Just Shelley

I, victim

Each of us is capable of being a victim given the right circumstances. The only thing that saves us is learning to control a difficult time rather than let the time control us. This is something I learned when I was 15 years old, a wild child with little sense.

At school I met a girl my age who lived in a foster home. Unlike me, she was sexy and sophisticated, with more than a hint of the forbidden because of past indiscretions. Somehow, we became great, good friends.

I’m not sure why but one day she and I decided to run away from home. We ended up in the pad of a friend of hers who gave us a place to stay — a sleeping bag next to other sleeping bags in a one room apartment somewhere within the down side part of Seattle.

That first night a group of us were playing cards and drinking cheap pop wine when he walked in. His name was Dan and he was 27, tall, thin, with long dark brown hair and mustache. He had a velvet voice, and his moves were sinuous, like a cat. When I looked at him, I saw about the most exotic creature I had ever seen. One look into his deep brown eyes and I was lost.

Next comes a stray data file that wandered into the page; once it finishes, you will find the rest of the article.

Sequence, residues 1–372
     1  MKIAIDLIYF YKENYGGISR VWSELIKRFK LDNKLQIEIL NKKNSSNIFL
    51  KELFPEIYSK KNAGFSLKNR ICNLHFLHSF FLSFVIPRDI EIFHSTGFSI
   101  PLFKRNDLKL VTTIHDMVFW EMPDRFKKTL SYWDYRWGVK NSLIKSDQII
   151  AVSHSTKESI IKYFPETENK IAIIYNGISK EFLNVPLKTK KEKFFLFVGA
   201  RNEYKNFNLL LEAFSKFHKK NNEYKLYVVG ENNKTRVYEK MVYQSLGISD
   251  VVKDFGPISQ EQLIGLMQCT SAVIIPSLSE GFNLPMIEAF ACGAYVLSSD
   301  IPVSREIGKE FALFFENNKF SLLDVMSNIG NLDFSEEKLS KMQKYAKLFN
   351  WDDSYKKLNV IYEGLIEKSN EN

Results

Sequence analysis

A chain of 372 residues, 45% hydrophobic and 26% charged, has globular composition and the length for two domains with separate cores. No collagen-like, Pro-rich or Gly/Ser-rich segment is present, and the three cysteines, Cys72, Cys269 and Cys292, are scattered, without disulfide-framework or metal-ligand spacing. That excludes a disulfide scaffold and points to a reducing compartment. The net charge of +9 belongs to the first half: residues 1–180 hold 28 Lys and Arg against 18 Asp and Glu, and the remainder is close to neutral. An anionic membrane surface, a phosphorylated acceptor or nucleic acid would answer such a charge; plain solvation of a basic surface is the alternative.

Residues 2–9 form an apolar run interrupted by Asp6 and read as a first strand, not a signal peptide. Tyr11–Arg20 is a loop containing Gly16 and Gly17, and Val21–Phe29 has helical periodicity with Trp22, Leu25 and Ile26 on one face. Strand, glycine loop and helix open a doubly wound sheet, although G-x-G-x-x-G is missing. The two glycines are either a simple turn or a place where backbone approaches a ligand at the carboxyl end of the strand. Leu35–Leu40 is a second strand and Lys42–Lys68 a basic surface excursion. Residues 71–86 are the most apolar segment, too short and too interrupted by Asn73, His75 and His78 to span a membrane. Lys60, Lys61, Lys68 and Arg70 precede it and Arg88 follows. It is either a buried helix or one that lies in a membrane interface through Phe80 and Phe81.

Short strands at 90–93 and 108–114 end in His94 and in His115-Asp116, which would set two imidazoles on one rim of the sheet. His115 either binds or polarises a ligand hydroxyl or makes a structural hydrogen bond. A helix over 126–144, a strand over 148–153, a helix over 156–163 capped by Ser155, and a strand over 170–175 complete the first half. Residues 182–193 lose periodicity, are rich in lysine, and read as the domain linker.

When Dan looked at me, he saw a too-young woman with long red-brown hair, freckles, green eyes half hidden behind gold-rimmed eyeglasses, wearing a blue shirt and navy bell bottom jeans. As he was turning away from me, rejecting this too-young woman, he saw my hands and stopped. Instead of walking away, he grabbed the floor next to me, leaning close, talking to me in his soft voice.

Later he would tell me it was my hands that caught his eye more than anything else — long, slender, graceful hands.

Dan and I stayed together, moving from house to house, staying wherever there was an empty spot. The friend I had run away with decided to go home but swore she wouldn’t tell anyone who I was with. Well, of course she told everyone who I was with as soon as she stepped through her home door.

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